I didn’t exactly grow up in a culture where rest was a thing. There was always something to do, something to clean, yard work to be done. I come from a long line of hard workers, and there was always work to be found. Taking time to oneself wasn’t really a thing.
Typically we’re given the impression that self-care is selfish, and we should be putting others first all the time in every situation and putting ourselves last as a form of godliness, which is simply not true. We absolutely cannot pour out to others and serve others if we are neglecting our bodies and failing to refuel our spirits.
As a side note: I feel like there’s a fine line between this being healthy and it becoming a humanistic thing. There is such a thing as too much self-care, or selfishness. I’m not talking about self-indulgence; I’m talking about being a good steward of what we’ve been given, and that includes our bodies, our minds, our time, and our energy. In fact, self-awareness is key to preventing self-care from becoming just an excuse for excessive indulgence. We must be aware of ourselves enough to know our own limits and needs in order to build ourselves back up when we get run down.
This also isn’t an excuse to drain our budgets. Everybody needs to take into consideration her own financial constraints. The Bible says a wise woman builds her home, but with her own hands the foolish woman tears hers down (Proverbs 14:1). I believe this applies to self-care as much as anything else. I've witnessed women going on shopping sprees in the name of self-care, when really it seems they are escaping, or attempting to fill some other void that won't be satisfied by material things. We can tear down our home if we are going out for mani-pedis every week if our budget doesn’t really allow that, or if we’re spending exorbitant amounts of money on new clothing when our children need new shoes, or if we spend tons of time on our phones in the name of downtime instead of spending time engaging with our families. This isn’t a hall pass to be self-indulgent and humanistic as seeing ourselves as kind of an idol.
Self-care is really, at the core, taking care of ourselves so that we can in turn live the life we’ve been called to live and serve others with fervor. It’s not only okay to refuel and recharge; it’s essential to a life well lived.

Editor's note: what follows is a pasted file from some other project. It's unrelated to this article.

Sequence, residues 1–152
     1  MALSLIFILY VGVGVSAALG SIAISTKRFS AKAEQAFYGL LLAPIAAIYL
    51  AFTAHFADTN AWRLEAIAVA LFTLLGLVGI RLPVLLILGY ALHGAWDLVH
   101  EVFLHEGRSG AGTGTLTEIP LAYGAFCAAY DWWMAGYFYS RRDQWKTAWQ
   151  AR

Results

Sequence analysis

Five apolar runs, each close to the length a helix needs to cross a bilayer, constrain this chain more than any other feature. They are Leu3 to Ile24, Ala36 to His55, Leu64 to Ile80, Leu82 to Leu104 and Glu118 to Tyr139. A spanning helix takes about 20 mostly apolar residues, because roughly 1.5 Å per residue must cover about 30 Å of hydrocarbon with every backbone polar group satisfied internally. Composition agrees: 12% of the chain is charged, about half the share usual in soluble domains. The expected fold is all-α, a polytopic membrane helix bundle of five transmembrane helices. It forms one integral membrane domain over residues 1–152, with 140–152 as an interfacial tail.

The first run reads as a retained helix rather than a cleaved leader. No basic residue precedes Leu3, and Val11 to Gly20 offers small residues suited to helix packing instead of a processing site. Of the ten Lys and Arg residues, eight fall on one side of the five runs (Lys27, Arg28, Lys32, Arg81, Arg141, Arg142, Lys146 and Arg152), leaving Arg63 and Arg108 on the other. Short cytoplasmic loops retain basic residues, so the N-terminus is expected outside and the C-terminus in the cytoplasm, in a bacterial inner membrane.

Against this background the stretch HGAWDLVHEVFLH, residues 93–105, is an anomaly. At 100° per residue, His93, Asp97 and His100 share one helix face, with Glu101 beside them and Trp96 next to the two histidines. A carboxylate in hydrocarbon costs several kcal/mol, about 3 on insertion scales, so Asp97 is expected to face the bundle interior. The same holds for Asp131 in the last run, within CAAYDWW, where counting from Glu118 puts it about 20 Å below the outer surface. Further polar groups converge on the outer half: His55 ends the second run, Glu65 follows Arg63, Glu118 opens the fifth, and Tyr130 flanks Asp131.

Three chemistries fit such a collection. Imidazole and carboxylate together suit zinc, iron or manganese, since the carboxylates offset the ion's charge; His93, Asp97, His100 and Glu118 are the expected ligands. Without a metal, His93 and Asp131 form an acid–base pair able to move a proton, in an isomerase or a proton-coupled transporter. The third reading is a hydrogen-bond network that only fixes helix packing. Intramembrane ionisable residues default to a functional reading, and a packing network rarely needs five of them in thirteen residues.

There are a few ways I make sure I’m taking care of myself. For one, I carve time out of my day for good hygiene. Help me out, mamas: how many days have you gotten to that witching hour and had to ask yourself if you’d put on deodorant or brushed your teeth that day? Self-care oftentimes is training my kids to give me the space I need to get myself ready for the day. Nowadays, the kids get up at 7:45 (and not a minute earlier or they see the dark side of the mom), so I get up at 7, have my quiet time, and get ready for the day in peace and quiet.
Self-care means I set limits on myself—on what I’ll say yes to during the day—and being realistic about how much I can get done in 24 hours. Since being diagnosed with early-stage lupus, I’ve had to be even stricter with myself than I’d like. Even on good days, I’ve had to train myself not to overdo it on activities because I’ll pay for it the next day, and we mamas don’t get sick days. I’ve had to start paying closer attention to my body and be aware when I’m starting to feel drained and need to slow down.
Sometimes that can be just taking a five-minute “mommy time-out” and going into my room and praying in the Spirit or worshiping. Sometimes I think my body is tired, when really my spirit is getting weary. Praying in the Spirit is something I’ve found to be the quickest way to get built back up because it strengthens me from the inside out.
And worship is such a powerful tool as well. It gets our minds off our circumstances and back on the Source of life. A lot of our tiredness, weariness, discouragement, and negative thoughts are really a spiritual attack, and the best defense against our spiritual enemy is worship.
A few other things I do, which probably seem like no-brainers but often get overlooked when I get busy, are:
- taking vitamins (get into a good vitamin/supplement regimen; they make a huge difference)
- dry brushing before showers (this has a lot of health benefits!)
- making sure I’m staying hydrated. I drink water first thing in the morning, before and between meals, and before bedtime. Oftentimes, my symptoms—headaches, joint pain, fatigue—are a result of being dehydrated. My goal is a gallon of water a day, and when I do this, I feel so much better!
- epsom salt baths with essential oils (I’ve found these to be extremely effective for treating joint pain, anxiety, and even insomnia)
- calling a friend on the phone
- giving myself a mani/pedi (the fumes in salons are bothersome for me, so I rarely have them done professionally)
- doing yoga or going for a walk
- making some hot tea
- treating myself to an early bedtime
- taking time once a week to get away and write or do something creative.
Whatever you do, whatever your budget or time constraints, taking that time to refuel is so important! What are some things that you do for self-care?